According to one estimate, one in 10 online consumers in the United States tags something on the Web at least monthly. If you’re in an online business, this may whet your appetite for figuring out how to tap into our propensity for categorizing content with keywords.
That’s just the topic of a report from Forrester analyst Sarah Rotman Epps. While you can buy a copy of ” Executive Q&A: Social Tagging For eBusiness” for $279, here’s a free recap of the advice offered by Rotman Epps.
Consider using taxonomy-directed tagging, but give the choice. If your site suggests specific tags to the user, that encourages consistency and makes the tagging process easier for users to figure out. But don’t deny users the ability to come up with their own tags — that’s not very social. Just as it is with the people who update dictionaries, watch for the most popular uses of tags over time to expand the company collection.
Automate the process of coming up with that initial taxonomy of tags. Rotman Epps mentions several tools that can help. Endeca Technologies and Mercado Software can both extract phrases from product text that already exists on the site, and PowerReviews will do the job in a turnkey fashion by reviewing sites related to a product category, interviewing people and doing survey work.
Decide beforehand whether you’re going to go with a manual or automatic approval process for user-created tags. If your organization is concerned about filtering out junk, you may choose to go with the manual approach. The downside: It’s time-intensive, and, after all, what you want to engender with tagging in the first place is putting at least some of the content generation burden onto users. Rotman Epps says that “the relative newness of the technology makes this a concern that few companies had to confront.” She references companies that have gone the hybrid model — allowing any and all tags without prior approval, but bringing to the forefront only those tags that enhance the searchability of the site.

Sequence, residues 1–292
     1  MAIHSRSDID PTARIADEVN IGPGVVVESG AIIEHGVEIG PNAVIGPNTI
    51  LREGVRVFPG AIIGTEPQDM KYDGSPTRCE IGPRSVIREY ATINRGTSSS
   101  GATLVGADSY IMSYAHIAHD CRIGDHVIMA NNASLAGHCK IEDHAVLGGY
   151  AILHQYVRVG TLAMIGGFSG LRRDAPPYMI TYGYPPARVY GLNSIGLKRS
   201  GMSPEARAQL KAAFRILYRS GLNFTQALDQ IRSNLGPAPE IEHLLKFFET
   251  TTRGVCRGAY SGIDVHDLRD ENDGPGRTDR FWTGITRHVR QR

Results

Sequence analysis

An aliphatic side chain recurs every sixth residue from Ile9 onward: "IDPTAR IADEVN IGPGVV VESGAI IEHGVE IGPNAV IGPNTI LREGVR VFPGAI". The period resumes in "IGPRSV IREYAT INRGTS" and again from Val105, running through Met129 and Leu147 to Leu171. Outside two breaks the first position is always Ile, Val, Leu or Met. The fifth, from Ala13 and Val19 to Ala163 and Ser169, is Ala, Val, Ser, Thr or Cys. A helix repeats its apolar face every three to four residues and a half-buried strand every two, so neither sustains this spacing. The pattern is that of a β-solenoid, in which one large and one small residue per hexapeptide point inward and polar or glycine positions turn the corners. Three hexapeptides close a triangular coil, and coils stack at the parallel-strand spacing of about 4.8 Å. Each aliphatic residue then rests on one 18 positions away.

Broaden the appeal of tagging by making it easy to do. Have users select tags with check boxes or menus; provide help at points where it’ll best serve the readers in mouse-overs and popups; integrate tag functions with site search and navigation.
Let the user set the privacy level. Forrester recommends that you let a user determine whether his or her tags are viewable only by the person who set them, by that person’s network or by anybody using the site.
Do you have a tagging scheme worth sharing?